To your immediate right is the temple’s visitors’ centre. It’s next to this building that you’ll find the unique main hall at Wongaksa Temple. Stepping inside the nearly square shaped main hall, which is all but unadorned except for the dancheong colours, you’ll first notice the main altar. The main triad consists of Seokgamoni-bul (The Historical Buddha) in the centre and joined by Munsu-bosal (The Bodhisattva of Wisdom) and Bohyeon-bosal (The Bodhisattva of Power). On either side of this triad is a smaller wooden pagoda and a stone statue of Gwanseeum-bosal (The Bodhisattva of Compassion). And all five statues are fronted by a much larger golden statue of Gwanseeum-bosal. The interior of the main hall is lined with smaller statues of the Bodhisattva of Compassion.

To the left of the main hall is the Myeongbu-jeon Hall. Sitting all alone on the main altar is a seated black haired statue of Jijang-bosal (The Bodhisattva of the Afterlife). This older looking statue is backed by an equally older looking painting of Jijang-bosal. To the right of the main altar is a triad of older shaman paintings dedicated to Chilseong (The Seven Stars), Dokseong (The Lonely Saint), and Sanshin (The Mountain Spirit).

Across the temple’s main courtyard, and over a bridge that spans a narrow stream, is the southern portion of the temple. Housed inside an unassuming brick façade is the temple’s Gwaneum-jeon Hall. Housed inside this hall, besides pooling water from the neighbouring stream, is a tall granite statue dedicated to Gwanseeum-bosal.

While the Gwaneum-jeon Hall lies to the right, there is a small courtyard that houses a collection of stupas, stele, and a slender five tier pagoda.

HOW TO GET THERE: From the Masan Intercity Bus Terminal, there are several buses that go to where Wongaksa Temple is located. One of these buses is Bus #707. After eight stops, or sixteen minutes, you’ll need to get off at the “Seowongok Ipgu” stop. From the stop, walk about eleven minutes, or 800 metres, to get to the temple. There are various signs leading you in the direction of Wongaksa Temple. You can take a bus or simply take a taxi from the Masan Intercity Bus Terminal. A taxi ride will set you back 6,000 won over the 15 minute ride.

OVERALL RATING: 5/10. There are a few highlights to Wongaksa Temple. The first is the older collection of shaman paintings housed inside the Myeongbu-jeon Hall. Another is the main altar inside the main hall at Wongaksa Temple. The final highlight to Wongaksa Temple, besides the beautiful Mt. Muhaksan in all directions, is the unassuming shrine hall that houses an elegant statue of Gwanseeum-bosal.

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A spider lily outside the temple grounds.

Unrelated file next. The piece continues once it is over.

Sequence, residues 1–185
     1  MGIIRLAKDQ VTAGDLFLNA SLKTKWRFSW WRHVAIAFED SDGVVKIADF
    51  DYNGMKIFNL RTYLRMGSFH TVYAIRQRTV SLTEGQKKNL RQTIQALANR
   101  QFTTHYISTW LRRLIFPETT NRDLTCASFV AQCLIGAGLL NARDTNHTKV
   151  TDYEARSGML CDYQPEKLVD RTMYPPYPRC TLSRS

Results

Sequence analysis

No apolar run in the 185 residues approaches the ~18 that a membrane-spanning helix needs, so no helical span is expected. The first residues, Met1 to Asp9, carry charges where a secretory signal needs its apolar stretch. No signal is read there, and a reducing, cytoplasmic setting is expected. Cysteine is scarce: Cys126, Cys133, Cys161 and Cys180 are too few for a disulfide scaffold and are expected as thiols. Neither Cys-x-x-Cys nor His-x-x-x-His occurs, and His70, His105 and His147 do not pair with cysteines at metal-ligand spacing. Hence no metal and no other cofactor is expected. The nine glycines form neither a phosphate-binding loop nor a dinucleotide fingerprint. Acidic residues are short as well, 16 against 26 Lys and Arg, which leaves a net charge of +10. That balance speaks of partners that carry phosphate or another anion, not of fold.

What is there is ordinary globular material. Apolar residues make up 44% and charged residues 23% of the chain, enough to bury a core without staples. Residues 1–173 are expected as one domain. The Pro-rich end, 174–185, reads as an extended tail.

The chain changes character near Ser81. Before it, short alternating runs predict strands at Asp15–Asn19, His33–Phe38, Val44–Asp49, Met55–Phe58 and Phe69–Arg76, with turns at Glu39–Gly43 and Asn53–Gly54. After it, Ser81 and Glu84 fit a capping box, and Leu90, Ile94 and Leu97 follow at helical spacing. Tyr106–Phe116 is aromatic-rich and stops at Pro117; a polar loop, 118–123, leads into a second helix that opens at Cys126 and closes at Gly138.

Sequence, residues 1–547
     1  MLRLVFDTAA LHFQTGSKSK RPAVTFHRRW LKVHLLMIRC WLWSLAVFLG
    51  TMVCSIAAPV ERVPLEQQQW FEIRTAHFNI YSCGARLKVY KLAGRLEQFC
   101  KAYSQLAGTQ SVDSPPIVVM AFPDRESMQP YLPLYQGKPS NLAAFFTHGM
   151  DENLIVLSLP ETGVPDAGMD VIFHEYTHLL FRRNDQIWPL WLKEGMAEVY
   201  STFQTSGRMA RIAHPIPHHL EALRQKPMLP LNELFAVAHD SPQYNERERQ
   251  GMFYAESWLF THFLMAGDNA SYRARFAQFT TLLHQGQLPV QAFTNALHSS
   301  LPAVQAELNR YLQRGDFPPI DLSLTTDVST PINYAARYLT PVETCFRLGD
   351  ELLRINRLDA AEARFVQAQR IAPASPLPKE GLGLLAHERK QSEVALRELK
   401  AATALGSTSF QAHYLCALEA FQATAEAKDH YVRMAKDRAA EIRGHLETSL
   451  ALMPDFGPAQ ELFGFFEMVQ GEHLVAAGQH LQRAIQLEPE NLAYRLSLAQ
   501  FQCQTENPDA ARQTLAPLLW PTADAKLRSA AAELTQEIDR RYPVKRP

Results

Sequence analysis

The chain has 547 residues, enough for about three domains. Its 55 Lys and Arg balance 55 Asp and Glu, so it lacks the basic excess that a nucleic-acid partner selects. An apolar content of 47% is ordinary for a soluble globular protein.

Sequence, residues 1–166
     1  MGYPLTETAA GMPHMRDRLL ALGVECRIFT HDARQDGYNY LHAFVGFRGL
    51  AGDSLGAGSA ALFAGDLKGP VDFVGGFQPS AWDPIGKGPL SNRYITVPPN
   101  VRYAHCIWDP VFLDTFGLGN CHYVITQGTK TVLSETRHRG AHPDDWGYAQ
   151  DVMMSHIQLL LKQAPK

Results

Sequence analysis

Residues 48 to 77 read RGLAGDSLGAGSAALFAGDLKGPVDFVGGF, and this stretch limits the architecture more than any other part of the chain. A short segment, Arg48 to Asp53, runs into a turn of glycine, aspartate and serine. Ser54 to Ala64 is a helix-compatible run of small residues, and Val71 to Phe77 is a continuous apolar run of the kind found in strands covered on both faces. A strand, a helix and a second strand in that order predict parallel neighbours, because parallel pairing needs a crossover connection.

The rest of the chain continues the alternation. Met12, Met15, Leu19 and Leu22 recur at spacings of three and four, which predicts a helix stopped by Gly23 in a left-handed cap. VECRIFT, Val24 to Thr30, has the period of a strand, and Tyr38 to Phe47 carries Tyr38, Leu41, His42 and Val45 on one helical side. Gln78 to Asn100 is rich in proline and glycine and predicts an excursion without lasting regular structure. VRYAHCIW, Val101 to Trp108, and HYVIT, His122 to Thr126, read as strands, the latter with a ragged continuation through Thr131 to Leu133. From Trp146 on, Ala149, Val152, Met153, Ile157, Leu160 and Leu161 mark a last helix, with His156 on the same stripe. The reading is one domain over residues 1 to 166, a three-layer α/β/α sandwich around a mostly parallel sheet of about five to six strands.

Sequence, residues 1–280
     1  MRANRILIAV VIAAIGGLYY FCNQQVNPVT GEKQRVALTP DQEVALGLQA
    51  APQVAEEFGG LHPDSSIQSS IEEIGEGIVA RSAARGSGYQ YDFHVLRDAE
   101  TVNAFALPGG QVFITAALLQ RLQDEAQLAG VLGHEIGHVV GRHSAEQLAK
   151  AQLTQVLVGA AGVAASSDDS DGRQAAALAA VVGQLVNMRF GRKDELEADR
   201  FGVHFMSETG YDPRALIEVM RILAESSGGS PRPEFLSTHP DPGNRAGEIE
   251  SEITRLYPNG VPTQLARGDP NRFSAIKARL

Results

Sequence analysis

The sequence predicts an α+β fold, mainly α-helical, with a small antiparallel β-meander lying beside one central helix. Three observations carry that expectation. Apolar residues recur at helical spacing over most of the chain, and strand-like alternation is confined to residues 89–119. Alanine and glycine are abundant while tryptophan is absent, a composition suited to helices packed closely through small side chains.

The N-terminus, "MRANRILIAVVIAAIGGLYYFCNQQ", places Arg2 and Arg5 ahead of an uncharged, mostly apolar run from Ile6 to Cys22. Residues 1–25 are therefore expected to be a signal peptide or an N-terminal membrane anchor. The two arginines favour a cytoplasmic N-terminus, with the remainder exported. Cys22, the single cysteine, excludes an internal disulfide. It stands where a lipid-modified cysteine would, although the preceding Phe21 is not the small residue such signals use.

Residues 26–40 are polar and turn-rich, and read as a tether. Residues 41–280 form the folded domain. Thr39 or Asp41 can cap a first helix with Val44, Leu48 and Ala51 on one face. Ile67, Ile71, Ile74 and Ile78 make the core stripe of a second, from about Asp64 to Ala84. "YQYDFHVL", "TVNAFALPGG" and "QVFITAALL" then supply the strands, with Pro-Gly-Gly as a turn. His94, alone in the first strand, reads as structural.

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The first of two gates that welcome you to Wongaksa Temple.

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The shacks that line the route towards Wongaksa Temple.

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The blue metal banner and the second entry gate at Wongaksa Temple.

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The stream that divides the temple in half.

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The second entry gate at Wongaksa Temple.

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One of the guardian murals that adorns the second entry gate.

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As well as this beautiful floral mural.

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The temple bell pavilion.

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The main hall at Wongaksa Temple.

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The unique main altar inside the main hall at Wongaksa Temple.

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A look across the Myeongbu-jeon Hall towards the main hall.

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The main altar inside the Myeongbu-jeon Hall with Jijang-bosal front and centre.

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The amazing and old shaman triad of paintings inside the Myeongbu-jeon Hall.

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The view from the Myeongbu-jeon Hall out onto the the temple courtyard.

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Across the stream is the Gwaneum-jeon Hall.

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Inside is this beautiful stone statue of Gwanseeum-bosal.

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To the left of the Gwaneum-jeon Hall is this stupa and stele field.

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As well as this slender five tier pagoda.

Geumryongsa Temple – 금룡사 (Masan, Gyeongsangnam-do)

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The unique entry to Geumryongsa Temple in Masan, Gyeongsangnam-do.

Hello Again Everyone!!

Ever since visiting the neighbouring Seongdeokam Hermitage in the winter of 2015, and passing Geumryongsa Temple by, I thought I would revisit this temple as well as the eastern portion of Mt. Muhaksan in Masan, Gyeongsangnam-do.